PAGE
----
A Mudfest for the Ages
The 2015 Rachel Carson Trail Challenge
Relentless rains saturated the hills and valleys of western Pennsylvania for weeks before the 19th Annual Rachel Carson Trail Challenge. Cloudy skies and moderate temperatures mitigated the treachery of high streams and slippery trails, but nevertheless our completion rate plummeted to its lowest level in years. Brief glimmers of sunshine were followed by a late afternoon downpour, making the already treacherous hills even more so.
Turnpike construction north of Dorseyville posed a different challenge for our dedicated trail stewards. (Trail stewards love their work; if you wish to join this elite team, email email@example.com.) The bridge on Saxonburg Boulevard was slated for replacement in June, necessitating returning the route to Myers Hill (not seen since 2003) and a longer stretch of the Deer Creek valley. On June 20th, it was apparent that the trail along Deer Creek had been submerged only hours before the Challenge.
This reroute also added nearly 3/4 mile to the Full Challenge, combined with the extra distance to reach the Environmental Learning Center finish, made the total distance 35.9 miles, the longest Challenge ever, and contributed to the decreased completion rate.
A mood of apprehensive optimism prevailed at the Harmar shelter as we lined up and prepared to be scanned out by volunteers. "Crouse Run is a flood zone; forget your dry socks." "Long Run is a quagmire." "Murray Hill is gonna be a riot." "The bottom of Crawford has been a stream all week." And off we went, slip sliding our way to Harrison Hills. We sure know how to have a good time.
Veteran Challenger Joe Kulbacki reported that conditions rivaled the notorious 2003 Challenge which took place the year before Indiana Township kindly built the bridge over Deer Creek. Imagine the 2003 Challengers wading across a raging stream, getting totally soaked with 25 miles to go. Maybe we are getting soft.
Murray Hill was a riot indeed. Descent may in fact be more treacherous than ascent. The precipitous slope lubricated by weeks of rain and perhaps a high clay content was a human bobsled run. Hikers clung to small trees, alternately skidding on their feet or their back sides. Poles were the order of the day.
The Challenge is an event for people of all ages and abilities each with individual aspirations for their effort. Unlike a foot race, the "challenge" is not to win, but to endure, to finish the hike in one day. The lead mudder this year was Mark Frey of Pittsburgh who finished in 6:41. Beverly Jean Yates, 73, of Ridgway, PA weathered the mud and high water to finish in 11:39 providing genuine inspiration for all hikers, particularly those of us who are eligible for Social Security.
For the 34-mile Full Challenge, we had 580 participants scan out at North Park, and 375 or 64.7% made it to North Park within the official time of 15 hours, 4 minutes. This is the lowest completion rate since 2005.
For the 17-mile Homestead Challenge, we had 245 participants scan out at Springdale High School, and 229 or 93.5% reached Harrison Hills Park. Of those, 155 (63.3%) made it within the official time of 7 hours, 22 minutes1.
For the 7-mile Friends & Family Challenge, 21 groups set out from Tarentum, and all made it to Harrison Hills Park.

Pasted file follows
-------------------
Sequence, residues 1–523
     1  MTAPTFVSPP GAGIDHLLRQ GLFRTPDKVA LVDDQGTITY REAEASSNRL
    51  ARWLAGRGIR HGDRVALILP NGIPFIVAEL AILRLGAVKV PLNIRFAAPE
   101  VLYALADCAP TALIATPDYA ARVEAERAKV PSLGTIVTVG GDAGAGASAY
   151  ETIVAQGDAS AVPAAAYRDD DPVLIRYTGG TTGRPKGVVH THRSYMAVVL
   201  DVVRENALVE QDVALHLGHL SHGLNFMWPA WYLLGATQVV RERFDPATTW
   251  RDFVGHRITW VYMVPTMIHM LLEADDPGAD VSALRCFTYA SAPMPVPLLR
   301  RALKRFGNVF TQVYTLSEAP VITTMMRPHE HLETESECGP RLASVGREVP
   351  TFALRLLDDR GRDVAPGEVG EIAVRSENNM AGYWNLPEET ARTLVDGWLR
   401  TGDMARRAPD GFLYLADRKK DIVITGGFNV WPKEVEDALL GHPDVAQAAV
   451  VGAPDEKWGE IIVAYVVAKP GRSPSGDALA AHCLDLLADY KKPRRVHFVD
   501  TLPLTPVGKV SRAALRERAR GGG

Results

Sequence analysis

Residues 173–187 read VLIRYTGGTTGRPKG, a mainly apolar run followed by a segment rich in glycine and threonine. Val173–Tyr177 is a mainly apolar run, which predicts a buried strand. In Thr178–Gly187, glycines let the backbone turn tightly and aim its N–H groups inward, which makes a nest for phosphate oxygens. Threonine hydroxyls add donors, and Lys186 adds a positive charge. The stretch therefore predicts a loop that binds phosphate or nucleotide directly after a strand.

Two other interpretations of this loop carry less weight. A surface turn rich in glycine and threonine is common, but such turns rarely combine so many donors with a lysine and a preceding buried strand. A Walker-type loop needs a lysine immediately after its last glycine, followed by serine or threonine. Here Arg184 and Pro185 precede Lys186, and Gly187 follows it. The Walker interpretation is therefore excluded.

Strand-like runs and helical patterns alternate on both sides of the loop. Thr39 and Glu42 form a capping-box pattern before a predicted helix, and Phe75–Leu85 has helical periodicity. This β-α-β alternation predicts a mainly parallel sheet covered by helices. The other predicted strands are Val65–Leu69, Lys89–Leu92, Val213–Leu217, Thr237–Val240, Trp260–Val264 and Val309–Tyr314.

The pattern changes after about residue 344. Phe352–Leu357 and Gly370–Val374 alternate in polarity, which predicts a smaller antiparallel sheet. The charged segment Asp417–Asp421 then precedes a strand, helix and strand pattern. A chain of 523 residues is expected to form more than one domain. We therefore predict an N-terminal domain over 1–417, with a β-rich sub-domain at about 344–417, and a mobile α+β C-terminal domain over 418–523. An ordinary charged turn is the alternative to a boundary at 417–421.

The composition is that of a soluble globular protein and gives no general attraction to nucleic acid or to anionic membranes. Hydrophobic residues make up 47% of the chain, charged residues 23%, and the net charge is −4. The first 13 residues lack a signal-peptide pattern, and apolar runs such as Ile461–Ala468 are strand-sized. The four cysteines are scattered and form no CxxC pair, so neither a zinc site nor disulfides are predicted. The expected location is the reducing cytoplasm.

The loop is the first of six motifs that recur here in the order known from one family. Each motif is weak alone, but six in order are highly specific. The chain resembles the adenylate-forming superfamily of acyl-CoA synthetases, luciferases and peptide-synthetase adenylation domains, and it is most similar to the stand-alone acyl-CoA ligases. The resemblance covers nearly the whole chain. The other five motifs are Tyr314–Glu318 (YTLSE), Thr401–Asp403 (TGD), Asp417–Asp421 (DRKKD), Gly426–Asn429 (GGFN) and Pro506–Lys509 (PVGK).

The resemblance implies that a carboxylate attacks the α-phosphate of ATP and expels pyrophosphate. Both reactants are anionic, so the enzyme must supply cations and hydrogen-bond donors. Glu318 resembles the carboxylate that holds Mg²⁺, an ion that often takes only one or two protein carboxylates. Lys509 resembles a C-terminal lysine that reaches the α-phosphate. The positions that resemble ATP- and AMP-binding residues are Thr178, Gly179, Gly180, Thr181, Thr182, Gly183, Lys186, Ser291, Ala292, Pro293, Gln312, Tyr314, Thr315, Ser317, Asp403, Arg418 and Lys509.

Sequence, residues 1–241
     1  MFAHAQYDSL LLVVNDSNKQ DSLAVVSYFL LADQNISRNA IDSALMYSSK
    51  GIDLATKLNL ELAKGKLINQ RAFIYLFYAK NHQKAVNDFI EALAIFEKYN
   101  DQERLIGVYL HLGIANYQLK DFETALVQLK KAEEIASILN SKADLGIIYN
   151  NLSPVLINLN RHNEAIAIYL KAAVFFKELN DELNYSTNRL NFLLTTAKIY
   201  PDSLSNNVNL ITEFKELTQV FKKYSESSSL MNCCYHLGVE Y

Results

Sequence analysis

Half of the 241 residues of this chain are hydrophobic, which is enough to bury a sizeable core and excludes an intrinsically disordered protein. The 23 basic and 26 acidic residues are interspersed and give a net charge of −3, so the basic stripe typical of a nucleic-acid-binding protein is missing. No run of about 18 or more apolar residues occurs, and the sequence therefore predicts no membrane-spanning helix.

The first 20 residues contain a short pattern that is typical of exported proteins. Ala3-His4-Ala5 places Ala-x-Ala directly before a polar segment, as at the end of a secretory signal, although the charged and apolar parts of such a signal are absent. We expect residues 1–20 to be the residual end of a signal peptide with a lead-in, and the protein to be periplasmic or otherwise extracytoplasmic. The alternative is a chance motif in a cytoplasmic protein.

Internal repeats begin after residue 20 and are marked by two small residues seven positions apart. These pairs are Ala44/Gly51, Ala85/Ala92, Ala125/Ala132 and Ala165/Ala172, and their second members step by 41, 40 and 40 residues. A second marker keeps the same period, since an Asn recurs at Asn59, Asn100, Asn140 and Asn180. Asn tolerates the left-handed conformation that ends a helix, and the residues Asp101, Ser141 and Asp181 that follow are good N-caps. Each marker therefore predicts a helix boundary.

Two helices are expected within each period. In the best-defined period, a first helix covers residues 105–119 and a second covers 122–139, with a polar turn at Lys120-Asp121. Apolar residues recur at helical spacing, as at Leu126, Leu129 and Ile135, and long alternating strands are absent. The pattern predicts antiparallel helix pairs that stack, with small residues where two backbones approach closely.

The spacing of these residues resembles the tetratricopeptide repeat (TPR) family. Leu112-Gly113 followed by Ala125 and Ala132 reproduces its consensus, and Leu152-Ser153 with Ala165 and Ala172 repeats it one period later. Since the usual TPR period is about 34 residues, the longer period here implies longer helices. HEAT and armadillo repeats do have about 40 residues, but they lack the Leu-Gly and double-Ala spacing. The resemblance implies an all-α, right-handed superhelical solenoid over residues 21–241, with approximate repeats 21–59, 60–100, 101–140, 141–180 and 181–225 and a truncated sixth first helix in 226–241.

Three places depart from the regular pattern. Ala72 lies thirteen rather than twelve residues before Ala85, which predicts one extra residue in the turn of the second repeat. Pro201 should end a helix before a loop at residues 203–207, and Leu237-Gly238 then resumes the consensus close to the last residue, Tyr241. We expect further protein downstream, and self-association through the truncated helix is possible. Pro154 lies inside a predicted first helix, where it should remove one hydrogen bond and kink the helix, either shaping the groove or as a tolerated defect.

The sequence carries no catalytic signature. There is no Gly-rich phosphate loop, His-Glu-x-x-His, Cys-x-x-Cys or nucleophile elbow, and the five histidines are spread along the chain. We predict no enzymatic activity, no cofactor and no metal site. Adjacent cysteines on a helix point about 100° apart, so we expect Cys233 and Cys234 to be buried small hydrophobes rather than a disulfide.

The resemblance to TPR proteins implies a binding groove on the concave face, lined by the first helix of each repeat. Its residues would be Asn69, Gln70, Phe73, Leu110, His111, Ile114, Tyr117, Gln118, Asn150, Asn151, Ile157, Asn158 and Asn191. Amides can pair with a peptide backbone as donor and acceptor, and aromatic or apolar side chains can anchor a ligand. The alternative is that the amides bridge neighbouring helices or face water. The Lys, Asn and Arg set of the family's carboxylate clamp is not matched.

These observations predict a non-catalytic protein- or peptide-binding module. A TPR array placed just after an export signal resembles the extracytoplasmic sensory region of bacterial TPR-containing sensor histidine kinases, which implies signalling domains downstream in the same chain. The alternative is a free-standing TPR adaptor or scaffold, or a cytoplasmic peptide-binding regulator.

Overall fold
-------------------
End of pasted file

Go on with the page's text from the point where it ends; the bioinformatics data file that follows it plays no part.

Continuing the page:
Many thanks to our fantastic volunteer crew: Joyce Appel, John Armstrong, Edgar & Maria Arranda-Michel & Ly, David Barton, Bob Bastone, Mary Bates, Tom Bates, Colin Beckwitt, Lisa Beers, Steve Beers, Judy Bishop, Judy Bishop, Lynn Bourchier, Patty Brunner, Bob Buchwald, Leslie Buchwald, Reanna Buzza, Sheri Buzza, Valerie Carpenter, Kelsey Chapman, Tony Chick, Heather Cianfrocco, Heidi Coltin, Linda Connors, Mike Connors, Richard Cook, Jim Crist, Mike Dailey, Arwen Davis, Joyce Davis, Pete Dawida, Asha Dean, Eric Deutsch, Suzy Deutsch, Gabriel Diamond, Kate Dickerson, Gineen Dutkovic, Heather Eilert, Nate Eilert, Sue English, Don Erdeljac, Mark Eyerman, David Fair, Kate Fissell, Tim Flaherty, Anne Flynn Schlicht, Kate Glodek, Lew Glodek, Tiffany Griffith, Robert Habegger, Melissa Havran, Paul Henry, Jim Holloway, Karen Howell, Laura Hrelec, Don Huber, Rachel Imhoff, Charity Istone, John Italiano, Anthony Joint, Ricky Jones, Shelby Jones, Nathaniel Kern, Mike King, Chris Klemens, Keith Klos, Ryan Knecht, Jason Kodat, Rhett Landry, Ed Lewkowicz, Jamie Littell, Tanner Littell, Joanne Maeder, Jaclyn Mazza, Jamie McCarron, David McConahy, Joyce McConahy, Megan McGee, Chelsea Merkel, Rob Mitchell, J.A. Mountain, Bob Mulshine, Cathy Nader-Syiek, Patrick Pagano, Jim Painter, Sara Peffer, Morgan Preziosi, Jay Rajgopal, John Recklitis, Brendan Redler, Bill Ringle, Karen Rivetti, Jeff Sarabok, Suzy Sarabok, Thomas Sarabok, Paul Sauers, Gail Schlichtkrull, Ken Schlichtkrull, Dottie Scurry, Ed Scurry, Meighan Seigel, Linda Shaffer, Susie Shages, Kelly Shannon, Charles Sheppard, Laura Silverman, Emily Simon, Anastasia Stolz, Donna Stolz, Ezra Stolz, Sharon Svitek, Greg Syiek, Samantha Syiek, Matt Tolbert, Nina Tomporoski, Gayle Truitt-Bean, Lisa Verdi, Ron Verdi, Erin Wagner, Carol Ward, Nicole Ward, Ashley Williams, Leo Wozniak, Rosemarie Wozniak, Linda Xenophontos, Carol Zellars, Don Ziegler, and Judy Ziegler.
And our sponsors & supporters:
- Doug and Carol MacPhail
- Pytlik Design Associates
- Skyview Radio Society
- A-K Pulser Paramedic Response Unit
- Emergency Physicians of Alle-Kiski
1The time limit for the Homestead Challenge is based on the length of the Full Challenge. This year, the length of the Full Challenge was 35.9 miles and the time limit for it is always 15 hours, 4 minutes, the length of the day on the summer solstice. That meant Full Challengers had to maintain an average pace of 25:10 (about 2.38 mph) to finish within that time. Homestead Challengers must maintain this same pace, but for less than half the distance, in order to finish within the time limit. A 25:10 pace for 17.55 miles made the time limit 7:21:55.